Your home is your lab. This is the place where you can experiment with those things that may be embarrassing or dangerous in the workplace. At home you can push the computer to its limits until it breaks and or attempt to tune it for performance or whatever. In the office environment almost everything about a computer that makes it useful is its ability to connect to and communicate with other computers. Your home computers should be similar. This can be difficult as home networks are often single user affairs or else the others users are often only casual users but you can learn a lot by doing things all by yourself as well. It just becomes purely educational and not functional.
At home you will have the ability to learn new platforms like Windows XP Pro, Vista Business, Mac OS X and Linux. Select your targets based on your immediate needs and future goals. Not every technology is for everyone but IT tends to reward broad knowledge almost as much as deep knowledge so having worked a little on Mac or Linux even for a Windows desktop support professional might prove to be beneficial in a shop that has one or two Macs for some specific purpose but doesn’t need a serious Mac pro to support them. You never know how your knowledge might come into play in the field.
Computers can be expensive but for a lot of “learning” needs quite old computers can fill the roles quite nicely. With the availability of eBay there are many computers, network appliances and parts available that can make excellent educational tools at very reasonable prices. Good, older computers often with built in Windows licenses are available for well under $100 US.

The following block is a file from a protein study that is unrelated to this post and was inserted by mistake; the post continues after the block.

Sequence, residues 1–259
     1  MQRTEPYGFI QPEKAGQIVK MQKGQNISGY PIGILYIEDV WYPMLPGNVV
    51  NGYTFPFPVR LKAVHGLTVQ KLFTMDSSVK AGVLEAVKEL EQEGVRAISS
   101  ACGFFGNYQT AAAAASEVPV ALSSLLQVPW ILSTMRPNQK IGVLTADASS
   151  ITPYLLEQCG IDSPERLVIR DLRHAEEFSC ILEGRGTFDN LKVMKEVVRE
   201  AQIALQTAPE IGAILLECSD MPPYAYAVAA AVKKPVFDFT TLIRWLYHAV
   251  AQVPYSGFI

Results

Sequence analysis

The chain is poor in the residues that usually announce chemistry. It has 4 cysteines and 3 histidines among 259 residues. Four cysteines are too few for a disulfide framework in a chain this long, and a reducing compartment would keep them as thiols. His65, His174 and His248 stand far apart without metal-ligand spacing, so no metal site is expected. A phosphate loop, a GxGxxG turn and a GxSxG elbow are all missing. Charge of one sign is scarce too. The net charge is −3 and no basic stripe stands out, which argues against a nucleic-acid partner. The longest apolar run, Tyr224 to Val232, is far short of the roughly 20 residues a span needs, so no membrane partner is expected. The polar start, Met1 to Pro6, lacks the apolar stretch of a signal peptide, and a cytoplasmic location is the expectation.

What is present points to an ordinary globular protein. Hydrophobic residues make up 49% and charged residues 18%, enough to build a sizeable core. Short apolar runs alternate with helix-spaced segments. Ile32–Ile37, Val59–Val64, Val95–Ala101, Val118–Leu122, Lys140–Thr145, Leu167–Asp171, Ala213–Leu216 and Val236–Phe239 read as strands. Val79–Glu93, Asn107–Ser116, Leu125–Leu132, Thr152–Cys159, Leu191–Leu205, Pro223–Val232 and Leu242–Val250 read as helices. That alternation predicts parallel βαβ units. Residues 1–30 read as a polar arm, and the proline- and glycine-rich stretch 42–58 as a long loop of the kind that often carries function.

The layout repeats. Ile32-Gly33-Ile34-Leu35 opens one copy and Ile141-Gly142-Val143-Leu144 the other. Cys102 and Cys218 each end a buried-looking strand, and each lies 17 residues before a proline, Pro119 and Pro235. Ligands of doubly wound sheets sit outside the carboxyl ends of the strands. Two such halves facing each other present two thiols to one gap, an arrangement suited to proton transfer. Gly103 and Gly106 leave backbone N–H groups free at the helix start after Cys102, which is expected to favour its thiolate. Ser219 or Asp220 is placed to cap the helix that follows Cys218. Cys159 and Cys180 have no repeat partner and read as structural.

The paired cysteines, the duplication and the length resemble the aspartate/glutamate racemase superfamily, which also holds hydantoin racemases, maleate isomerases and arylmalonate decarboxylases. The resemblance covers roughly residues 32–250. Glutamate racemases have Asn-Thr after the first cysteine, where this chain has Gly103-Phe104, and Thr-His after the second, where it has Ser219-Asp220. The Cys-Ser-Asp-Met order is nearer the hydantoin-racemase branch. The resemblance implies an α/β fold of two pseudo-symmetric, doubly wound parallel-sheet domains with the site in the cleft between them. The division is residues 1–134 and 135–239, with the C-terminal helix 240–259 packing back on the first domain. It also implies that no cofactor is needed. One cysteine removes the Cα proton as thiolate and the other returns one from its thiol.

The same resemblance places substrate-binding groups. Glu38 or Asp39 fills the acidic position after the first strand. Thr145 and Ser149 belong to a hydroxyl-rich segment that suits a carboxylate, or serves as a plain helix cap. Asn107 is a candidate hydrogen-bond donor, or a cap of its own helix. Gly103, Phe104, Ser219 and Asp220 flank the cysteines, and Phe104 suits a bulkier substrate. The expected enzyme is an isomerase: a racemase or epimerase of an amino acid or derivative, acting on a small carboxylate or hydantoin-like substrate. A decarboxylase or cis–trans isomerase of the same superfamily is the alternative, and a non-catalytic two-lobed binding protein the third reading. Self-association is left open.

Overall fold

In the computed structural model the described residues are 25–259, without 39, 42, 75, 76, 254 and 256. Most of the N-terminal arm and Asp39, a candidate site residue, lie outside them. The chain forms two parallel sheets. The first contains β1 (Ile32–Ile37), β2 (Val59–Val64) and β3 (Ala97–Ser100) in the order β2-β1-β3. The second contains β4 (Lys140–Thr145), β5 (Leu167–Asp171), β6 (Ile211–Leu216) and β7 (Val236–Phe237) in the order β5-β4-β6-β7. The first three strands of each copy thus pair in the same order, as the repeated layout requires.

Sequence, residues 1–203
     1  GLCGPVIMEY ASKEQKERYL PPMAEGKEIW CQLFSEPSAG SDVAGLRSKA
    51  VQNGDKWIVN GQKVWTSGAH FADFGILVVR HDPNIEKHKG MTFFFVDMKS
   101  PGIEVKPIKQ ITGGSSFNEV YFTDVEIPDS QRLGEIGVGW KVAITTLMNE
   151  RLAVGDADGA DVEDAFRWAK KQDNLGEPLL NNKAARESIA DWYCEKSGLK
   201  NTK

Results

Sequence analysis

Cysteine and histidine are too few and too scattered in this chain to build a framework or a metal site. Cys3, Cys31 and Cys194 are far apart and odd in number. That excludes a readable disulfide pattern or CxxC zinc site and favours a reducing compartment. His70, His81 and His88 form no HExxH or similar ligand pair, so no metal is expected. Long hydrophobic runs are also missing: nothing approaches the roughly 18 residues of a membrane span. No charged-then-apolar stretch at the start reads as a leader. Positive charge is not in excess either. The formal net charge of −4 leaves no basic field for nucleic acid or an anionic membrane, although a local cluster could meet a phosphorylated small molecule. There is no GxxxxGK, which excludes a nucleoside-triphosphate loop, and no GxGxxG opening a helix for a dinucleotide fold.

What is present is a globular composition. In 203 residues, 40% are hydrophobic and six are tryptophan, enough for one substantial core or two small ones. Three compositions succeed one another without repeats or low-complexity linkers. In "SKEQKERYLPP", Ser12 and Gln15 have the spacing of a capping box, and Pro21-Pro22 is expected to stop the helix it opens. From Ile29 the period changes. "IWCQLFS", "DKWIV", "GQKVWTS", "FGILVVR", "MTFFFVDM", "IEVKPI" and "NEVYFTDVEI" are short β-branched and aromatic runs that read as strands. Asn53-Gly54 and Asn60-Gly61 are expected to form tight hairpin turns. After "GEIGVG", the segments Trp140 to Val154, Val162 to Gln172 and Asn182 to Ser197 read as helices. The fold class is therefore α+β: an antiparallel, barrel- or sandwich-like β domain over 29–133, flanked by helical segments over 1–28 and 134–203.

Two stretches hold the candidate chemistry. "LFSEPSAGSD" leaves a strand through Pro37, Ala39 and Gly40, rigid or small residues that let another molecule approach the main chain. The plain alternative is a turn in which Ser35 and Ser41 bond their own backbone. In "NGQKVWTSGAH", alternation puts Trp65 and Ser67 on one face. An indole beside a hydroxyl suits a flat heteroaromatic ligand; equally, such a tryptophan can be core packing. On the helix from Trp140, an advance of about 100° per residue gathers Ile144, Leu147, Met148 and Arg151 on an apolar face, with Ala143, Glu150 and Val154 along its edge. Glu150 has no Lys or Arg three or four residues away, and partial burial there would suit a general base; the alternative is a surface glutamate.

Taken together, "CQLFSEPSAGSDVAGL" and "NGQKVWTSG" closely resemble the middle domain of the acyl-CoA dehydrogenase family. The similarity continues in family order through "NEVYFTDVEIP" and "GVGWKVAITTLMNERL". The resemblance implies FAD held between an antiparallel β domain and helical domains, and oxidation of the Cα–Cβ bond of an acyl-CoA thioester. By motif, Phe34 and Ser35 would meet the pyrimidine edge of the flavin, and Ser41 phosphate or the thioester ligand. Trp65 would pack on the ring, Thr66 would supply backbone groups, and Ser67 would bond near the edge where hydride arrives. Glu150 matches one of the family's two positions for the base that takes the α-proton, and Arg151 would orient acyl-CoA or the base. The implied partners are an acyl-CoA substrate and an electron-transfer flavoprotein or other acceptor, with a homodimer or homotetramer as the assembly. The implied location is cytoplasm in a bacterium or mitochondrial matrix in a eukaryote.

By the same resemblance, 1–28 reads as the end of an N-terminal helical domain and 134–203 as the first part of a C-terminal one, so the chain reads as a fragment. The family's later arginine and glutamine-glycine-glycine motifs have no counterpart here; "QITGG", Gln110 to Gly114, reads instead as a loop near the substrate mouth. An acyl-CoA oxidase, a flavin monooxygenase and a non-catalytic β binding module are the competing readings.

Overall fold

Today virtualization technology like VMWare Server and Microsoft Virtual Server and Virtual PC have made it much easier for anyone to have multiple computers in their homes. A good, fast desktop with plenty of memory and disk space and easily virtualize several desktop and/or server machines without needing to purchase another computer. This can save space, power, time and money.
Printers: While this skill set is rapidly becoming less and less important it is still wise to be well versed in installing, configuring and sharing via the network a printer. Most people have printers attached to their computers but few people configure their computers as printer servers or use dedicated network attached printer servers to drive their shared printing needs. This can be another simple but important differentiating factor between job candidates.
Applications: You have computers in your home but what do you do with them? You learn many applications of course. The obvious choices are the Microsoft Office Suite and the OpenOffice.org Office Suite. These are the principle business productivity suite players today. Not many IT jobs actually require an in-depth knowledge of these non-IT tools but many helpdesk professionals use them daily and knowledge of common applications is always useful. Using many IT applications can only be helpful.
Servers: Now we reach the real differentiator between the advanced home computer user and the hard-core, ambitious IT professional home network – the server. Unless your target job is in programming, analysis or management having a home server can work wonders for your confidence, skills and career. The options for a home server are very wide and your choice will need to reflect your goals. If you are only using the server as a means to learn about desktop maintenance and to provide a place for backups and storage then most likely you will just want to have a single Windows Active Directory server as AD is the current most popular desktop management environment. But if you plan to go into system administration for UNIX you may want to have several Linux, BSD, Solaris, etc. servers. Some physical and some virtual.